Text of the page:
“I literally had to park, and I cried my eyes out because it was so emotional,” Duran-Negrete says. “These pictures are a gift Pilsen residents never knew we had.”
At Cafe Jumping Bean on 18th Street, Tsuda says the warm reception by Pilsen residents has been enough to make his work worthwhile. But as he’s heard more about how gentrification has priced out longtime residents — and as racist anti-immigrant sentiment roils nationwide — he hopes to find a more permanent, public venue to share his work. Last month, he returned to Chicago to visit with residents and scope out possibilities for permanent installation, meeting with potential locations and interested parties. He is currently searching for libraries, museums, or universities that could house his collection, but he has not yet found the right location.
When asked if he has an ideal place in mind, Tsuda is slightly reticent, but describes how, as a student, he looked forward to reading the Japanese newspapers and magazines kept in rotation at Harold Washington Library.
“I want to place these photos somewhere where many people will have access to them,” Tsuda says. “I hope my work might be able to provide an opportunity for others to understand why people are saddened by how the community is changing — a visual representation of how much Pilsen loves their city.”
During his most recent visit, Tsuda was reunited with longtime Pilsen residents, some traveling from out-of-state to see him. At one event, attendees attached printed copies of Tsuda’s photos onto a large map of Pilsen, retracing the photographer’s steps and the community’s memories. But even that project is not enduring in the way Tsuda hopes his work will be preserved.
Pujols also believes strongly in the need for the collection to be housed somewhere permanent, a way to keep a record of Pilsen and its larger part in Chicago history.
“[By placing the photos somewhere public], hopefully Chicagoans can find themselves in these photos — not just gaze at them as Mexicans in Chicago, but to actually give the feeling that this is part of Chicago,” she says.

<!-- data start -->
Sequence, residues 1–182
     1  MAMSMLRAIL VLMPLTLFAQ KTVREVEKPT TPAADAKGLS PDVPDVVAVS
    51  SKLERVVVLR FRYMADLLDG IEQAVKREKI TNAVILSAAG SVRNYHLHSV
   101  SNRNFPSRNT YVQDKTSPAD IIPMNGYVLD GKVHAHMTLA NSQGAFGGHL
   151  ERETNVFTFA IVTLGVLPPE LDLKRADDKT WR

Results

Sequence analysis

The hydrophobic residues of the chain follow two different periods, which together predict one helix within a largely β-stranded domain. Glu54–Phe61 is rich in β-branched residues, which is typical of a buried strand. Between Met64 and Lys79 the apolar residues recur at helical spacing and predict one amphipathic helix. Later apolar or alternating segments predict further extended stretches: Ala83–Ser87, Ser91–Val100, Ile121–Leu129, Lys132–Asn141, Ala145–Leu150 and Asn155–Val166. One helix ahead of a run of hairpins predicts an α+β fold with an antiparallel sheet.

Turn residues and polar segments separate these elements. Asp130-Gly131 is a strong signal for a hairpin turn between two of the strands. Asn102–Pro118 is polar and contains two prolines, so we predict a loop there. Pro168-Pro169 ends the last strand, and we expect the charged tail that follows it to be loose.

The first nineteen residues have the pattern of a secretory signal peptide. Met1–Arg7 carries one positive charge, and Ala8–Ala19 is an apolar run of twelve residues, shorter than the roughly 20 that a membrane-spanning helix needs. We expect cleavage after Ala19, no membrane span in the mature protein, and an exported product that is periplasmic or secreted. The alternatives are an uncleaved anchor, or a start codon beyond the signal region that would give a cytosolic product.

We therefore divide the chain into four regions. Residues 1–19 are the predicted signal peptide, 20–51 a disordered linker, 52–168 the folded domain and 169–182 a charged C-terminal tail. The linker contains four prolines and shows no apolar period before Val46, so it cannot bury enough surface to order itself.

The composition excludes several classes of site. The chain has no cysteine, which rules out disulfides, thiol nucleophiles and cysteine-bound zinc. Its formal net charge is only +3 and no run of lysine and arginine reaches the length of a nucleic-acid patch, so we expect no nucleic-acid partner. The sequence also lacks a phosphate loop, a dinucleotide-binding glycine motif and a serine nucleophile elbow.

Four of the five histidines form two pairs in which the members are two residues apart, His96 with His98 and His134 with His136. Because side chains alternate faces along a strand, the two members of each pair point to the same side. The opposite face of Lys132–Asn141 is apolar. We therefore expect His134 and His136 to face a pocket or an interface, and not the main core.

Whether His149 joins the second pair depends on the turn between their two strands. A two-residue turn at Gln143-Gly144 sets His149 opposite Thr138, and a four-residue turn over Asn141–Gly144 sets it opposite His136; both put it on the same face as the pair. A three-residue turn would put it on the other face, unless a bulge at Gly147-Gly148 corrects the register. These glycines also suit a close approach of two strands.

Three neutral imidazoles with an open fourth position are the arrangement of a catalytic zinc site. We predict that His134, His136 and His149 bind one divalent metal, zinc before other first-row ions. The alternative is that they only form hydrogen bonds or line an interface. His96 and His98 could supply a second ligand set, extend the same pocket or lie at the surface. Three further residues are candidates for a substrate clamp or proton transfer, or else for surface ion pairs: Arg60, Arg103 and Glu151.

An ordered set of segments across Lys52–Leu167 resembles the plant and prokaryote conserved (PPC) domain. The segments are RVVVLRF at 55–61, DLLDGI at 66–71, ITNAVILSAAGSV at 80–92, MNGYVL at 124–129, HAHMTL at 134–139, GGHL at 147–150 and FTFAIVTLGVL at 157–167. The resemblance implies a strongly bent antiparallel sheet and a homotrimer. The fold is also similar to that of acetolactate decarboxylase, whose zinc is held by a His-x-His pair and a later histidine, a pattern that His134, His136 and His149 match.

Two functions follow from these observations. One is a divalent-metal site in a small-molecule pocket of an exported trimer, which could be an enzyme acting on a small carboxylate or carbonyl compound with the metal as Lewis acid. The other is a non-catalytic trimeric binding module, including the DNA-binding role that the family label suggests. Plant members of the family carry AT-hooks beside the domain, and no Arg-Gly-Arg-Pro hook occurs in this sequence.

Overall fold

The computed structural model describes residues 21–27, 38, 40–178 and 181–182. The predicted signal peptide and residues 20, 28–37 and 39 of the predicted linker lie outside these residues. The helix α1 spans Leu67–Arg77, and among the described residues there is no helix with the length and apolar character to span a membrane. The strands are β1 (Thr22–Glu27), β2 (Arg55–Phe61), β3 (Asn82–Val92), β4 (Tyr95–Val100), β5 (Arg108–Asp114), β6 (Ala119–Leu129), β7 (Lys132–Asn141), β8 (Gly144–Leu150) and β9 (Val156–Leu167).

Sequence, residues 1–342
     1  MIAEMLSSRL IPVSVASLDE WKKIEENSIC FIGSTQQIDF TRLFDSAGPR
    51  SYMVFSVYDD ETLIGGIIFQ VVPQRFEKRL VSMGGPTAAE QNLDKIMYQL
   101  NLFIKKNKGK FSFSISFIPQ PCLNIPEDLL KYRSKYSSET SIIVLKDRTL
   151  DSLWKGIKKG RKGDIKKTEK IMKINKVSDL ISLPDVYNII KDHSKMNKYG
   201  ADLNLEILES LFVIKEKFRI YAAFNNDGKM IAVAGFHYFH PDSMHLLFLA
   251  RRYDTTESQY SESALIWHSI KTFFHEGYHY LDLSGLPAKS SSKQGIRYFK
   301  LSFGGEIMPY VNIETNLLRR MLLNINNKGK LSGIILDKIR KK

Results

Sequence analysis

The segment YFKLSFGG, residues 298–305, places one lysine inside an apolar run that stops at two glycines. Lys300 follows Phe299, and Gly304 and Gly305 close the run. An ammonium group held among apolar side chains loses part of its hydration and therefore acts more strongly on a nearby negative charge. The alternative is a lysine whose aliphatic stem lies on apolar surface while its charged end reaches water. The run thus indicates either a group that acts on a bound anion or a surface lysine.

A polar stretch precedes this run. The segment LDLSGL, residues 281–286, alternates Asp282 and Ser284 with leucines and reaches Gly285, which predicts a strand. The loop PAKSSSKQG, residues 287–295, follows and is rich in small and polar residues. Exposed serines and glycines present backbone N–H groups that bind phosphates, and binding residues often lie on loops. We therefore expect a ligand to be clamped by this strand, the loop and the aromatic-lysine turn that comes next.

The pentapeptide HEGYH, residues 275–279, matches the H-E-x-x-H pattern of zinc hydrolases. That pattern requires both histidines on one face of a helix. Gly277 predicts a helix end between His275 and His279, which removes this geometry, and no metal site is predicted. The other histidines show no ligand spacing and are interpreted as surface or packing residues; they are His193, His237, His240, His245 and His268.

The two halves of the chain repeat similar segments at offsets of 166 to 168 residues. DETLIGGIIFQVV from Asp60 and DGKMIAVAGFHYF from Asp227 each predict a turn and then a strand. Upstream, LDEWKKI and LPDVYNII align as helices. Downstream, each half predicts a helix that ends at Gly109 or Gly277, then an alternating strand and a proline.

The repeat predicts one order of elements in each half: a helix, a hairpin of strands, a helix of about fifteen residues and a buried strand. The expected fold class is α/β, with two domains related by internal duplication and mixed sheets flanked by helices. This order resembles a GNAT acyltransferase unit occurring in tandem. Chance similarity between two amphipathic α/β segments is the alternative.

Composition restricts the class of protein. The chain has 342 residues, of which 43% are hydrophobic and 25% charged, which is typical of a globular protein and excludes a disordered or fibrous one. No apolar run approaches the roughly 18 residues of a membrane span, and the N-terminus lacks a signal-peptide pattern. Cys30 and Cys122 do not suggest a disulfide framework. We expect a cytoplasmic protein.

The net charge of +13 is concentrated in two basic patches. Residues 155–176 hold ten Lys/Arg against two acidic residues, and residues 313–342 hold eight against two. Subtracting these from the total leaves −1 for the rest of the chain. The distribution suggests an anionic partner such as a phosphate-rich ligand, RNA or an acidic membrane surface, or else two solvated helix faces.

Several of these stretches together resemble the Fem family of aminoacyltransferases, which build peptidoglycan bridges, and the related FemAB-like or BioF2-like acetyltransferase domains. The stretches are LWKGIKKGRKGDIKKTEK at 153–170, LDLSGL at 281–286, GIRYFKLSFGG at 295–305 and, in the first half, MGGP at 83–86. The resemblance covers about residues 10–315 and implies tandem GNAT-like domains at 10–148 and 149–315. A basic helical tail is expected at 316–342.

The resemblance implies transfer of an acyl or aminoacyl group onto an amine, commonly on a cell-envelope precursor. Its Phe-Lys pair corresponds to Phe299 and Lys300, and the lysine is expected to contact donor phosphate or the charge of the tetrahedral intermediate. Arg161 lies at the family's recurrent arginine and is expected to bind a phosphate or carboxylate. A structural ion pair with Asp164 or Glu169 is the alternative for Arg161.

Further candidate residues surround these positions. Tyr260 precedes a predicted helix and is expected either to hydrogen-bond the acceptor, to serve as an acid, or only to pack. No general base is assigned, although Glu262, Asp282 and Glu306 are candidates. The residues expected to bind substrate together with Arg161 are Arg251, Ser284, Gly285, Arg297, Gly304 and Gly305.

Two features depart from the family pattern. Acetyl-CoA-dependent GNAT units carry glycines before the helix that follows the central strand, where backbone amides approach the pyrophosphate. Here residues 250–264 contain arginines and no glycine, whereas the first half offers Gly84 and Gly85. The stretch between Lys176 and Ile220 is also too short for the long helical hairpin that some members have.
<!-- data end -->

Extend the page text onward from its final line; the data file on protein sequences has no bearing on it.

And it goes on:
But for those in the photos — and those reunited with long-lost family and friends through Tsuda’s work — the pictures bear witness not just to history, but to the life they lived and the neighborhood that raised them.
Gabriela Marchan was just a little girl when Tsuda was photographing Pilsen. Around the time Tsuda began uploading the photos, she came across a picture of an older woman, not immediately recognizing the woman as her great-grandmother. She sent it to her aunt, who happened to be with her grandmother at the time.
“[My grandmother] got very emotional. She hasn’t had a picture of her mom in who knows how long,” Marchan says, flipping through a copy of Pilsen Days.
In one photo, she and her siblings smile for the camera. Marchan and her brother Ricardo point themselves and family members out to her young daughter sitting beside her, who squints her eyes to make out the young faces. Occasionally her inspections are punctuated by surprised exclamations — Wait, that’s you?! — and the relaying of stories, names, and places by Marchan.
“It’s bittersweet because you want to see your neighborhood progress,” Ricardo says. “But at the same time, they’re pushing out some very great people who were here before.”
Editor’s note: Tsuda’s quotes have been translated from Japanese by the author.